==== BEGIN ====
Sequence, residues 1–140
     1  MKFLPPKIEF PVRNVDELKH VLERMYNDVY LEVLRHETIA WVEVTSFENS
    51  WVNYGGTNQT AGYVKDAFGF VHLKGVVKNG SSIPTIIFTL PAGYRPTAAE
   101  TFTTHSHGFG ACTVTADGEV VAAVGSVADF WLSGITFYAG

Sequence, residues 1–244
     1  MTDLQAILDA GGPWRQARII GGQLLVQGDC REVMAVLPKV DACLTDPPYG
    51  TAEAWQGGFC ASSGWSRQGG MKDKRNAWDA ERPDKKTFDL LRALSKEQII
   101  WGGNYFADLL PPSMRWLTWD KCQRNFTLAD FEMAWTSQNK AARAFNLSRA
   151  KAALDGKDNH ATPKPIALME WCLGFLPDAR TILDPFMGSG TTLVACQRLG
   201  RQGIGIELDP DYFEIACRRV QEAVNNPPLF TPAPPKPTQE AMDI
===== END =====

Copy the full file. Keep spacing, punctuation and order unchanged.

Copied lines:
Sequence, residues 1–140
     1  MKFLPPKIEF PVRNVDELKH VLERMYNDVY LEVLRHETIA WVEVTSFENS
    51  WVNYGGTNQT AGYVKDAFGF VHLKGVVKNG SSIPTIIFTL PAGYRPTAAE
   101  TFTTHSHGFG ACTVTADGEV VAAVGSVADF WLSGITFYAG

Sequence, residues 1–244
     1  MTDLQAILDA GGPWRQARII GGQLLVQGDC REVMAVLPKV DACLTDPPYG
    51  TAEAWQGGFC ASSGWSRQGG MKDKRNAWDA ERPDKKTFDL LRALSKEQII
   101  WGGNYFADLL PPSMRWLTWD KCQRNFTLAD FEMAWTSQNK AARAFNLSRA
   151  KAALDGKDNH ATPKPIALME WCLGFLPDAR TILDPFMGSG TTLVACQRLG
   201  RQGIGIELDP DYFEIACRRV QEAVNNPPLF TPAPPKPTQE AMDI